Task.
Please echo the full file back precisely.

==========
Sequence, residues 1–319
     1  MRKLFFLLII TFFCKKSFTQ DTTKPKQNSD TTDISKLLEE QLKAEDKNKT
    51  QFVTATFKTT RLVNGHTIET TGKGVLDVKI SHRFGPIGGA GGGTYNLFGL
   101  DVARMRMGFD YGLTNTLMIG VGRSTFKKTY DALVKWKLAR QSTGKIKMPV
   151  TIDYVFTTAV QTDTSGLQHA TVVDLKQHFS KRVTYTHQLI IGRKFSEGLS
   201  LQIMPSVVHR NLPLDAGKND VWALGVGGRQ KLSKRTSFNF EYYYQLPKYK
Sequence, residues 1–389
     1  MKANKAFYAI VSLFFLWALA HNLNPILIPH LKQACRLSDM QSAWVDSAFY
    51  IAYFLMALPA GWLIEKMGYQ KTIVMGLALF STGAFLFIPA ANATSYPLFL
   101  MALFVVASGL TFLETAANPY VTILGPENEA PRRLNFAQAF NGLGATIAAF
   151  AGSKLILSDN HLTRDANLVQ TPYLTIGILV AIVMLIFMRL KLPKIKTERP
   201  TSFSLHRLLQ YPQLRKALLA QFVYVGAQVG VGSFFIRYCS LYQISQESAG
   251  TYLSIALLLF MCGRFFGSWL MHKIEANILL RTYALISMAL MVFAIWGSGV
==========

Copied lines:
Sequence, residues 1–319
     1  MRKLFFLLII TFFCKKSFTQ DTTKPKQNSD TTDISKLLEE QLKAEDKNKT
    51  QFVTATFKTT RLVNGHTIET TGKGVLDVKI SHRFGPIGGA GGGTYNLFGL
   101  DVARMRMGFD YGLTNTLMIG VGRSTFKKTY DALVKWKLAR QSTGKIKMPV
   151  TIDYVFTTAV QTDTSGLQHA TVVDLKQHFS KRVTYTHQLI IGRKFSEGLS
   201  LQIMPSVVHR NLPLDAGKND VWALGVGGRQ KLSKRTSFNF EYYYQLPKYK
Sequence, residues 1–389
     1  MKANKAFYAI VSLFFLWALA HNLNPILIPH LKQACRLSDM QSAWVDSAFY
    51  IAYFLMALPA GWLIEKMGYQ KTIVMGLALF STGAFLFIPA ANATSYPLFL
   101  MALFVVASGL TFLETAANPY VTILGPENEA PRRLNFAQAF NGLGATIAAF
   151  AGSKLILSDN HLTRDANLVQ TPYLTIGILV AIVMLIFMRL KLPKIKTERP
   201  TSFSLHRLLQ YPQLRKALLA QFVYVGAQVG VGSFFIRYCS LYQISQESAG
   251  TYLSIALLLF MCGRFFGSWL MHKIEANILL RTYALISMAL MVFAIWGSGV